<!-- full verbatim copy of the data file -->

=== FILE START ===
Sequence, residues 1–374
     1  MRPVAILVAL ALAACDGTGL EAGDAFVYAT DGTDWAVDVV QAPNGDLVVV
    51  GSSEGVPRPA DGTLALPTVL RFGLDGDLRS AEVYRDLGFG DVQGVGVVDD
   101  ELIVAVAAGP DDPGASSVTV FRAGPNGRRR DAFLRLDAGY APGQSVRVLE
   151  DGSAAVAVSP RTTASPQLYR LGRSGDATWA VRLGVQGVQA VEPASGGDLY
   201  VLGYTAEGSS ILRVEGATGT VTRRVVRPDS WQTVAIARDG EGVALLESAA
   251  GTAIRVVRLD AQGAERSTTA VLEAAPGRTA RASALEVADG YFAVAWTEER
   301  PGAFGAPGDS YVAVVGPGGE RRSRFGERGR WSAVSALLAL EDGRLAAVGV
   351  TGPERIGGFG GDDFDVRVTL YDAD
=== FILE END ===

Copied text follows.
Sequence, residues 1–374
     1  MRPVAILVAL ALAACDGTGL EAGDAFVYAT DGTDWAVDVV QAPNGDLVVV
    51  GSSEGVPRPA DGTLALPTVL RFGLDGDLRS AEVYRDLGFG DVQGVGVVDD
   101  ELIVAVAAGP DDPGASSVTV FRAGPNGRRR DAFLRLDAGY APGQSVRVLE
   151  DGSAAVAVSP RTTASPQLYR LGRSGDATWA VRLGVQGVQA VEPASGGDLY
   201  VLGYTAEGSS ILRVEGATGT VTRRVVRPDS WQTVAIARDG EGVALLESAA
   251  GTAIRVVRLD AQGAERSTTA VLEAAPGRTA RASALEVADG YFAVAWTEER
   301  PGAFGAPGDS YVAVVGPGGE RRSRFGERGR WSAVSALLAL EDGRLAAVGV
   351  TGPERIGGFG GDDFDVRVTL YDAD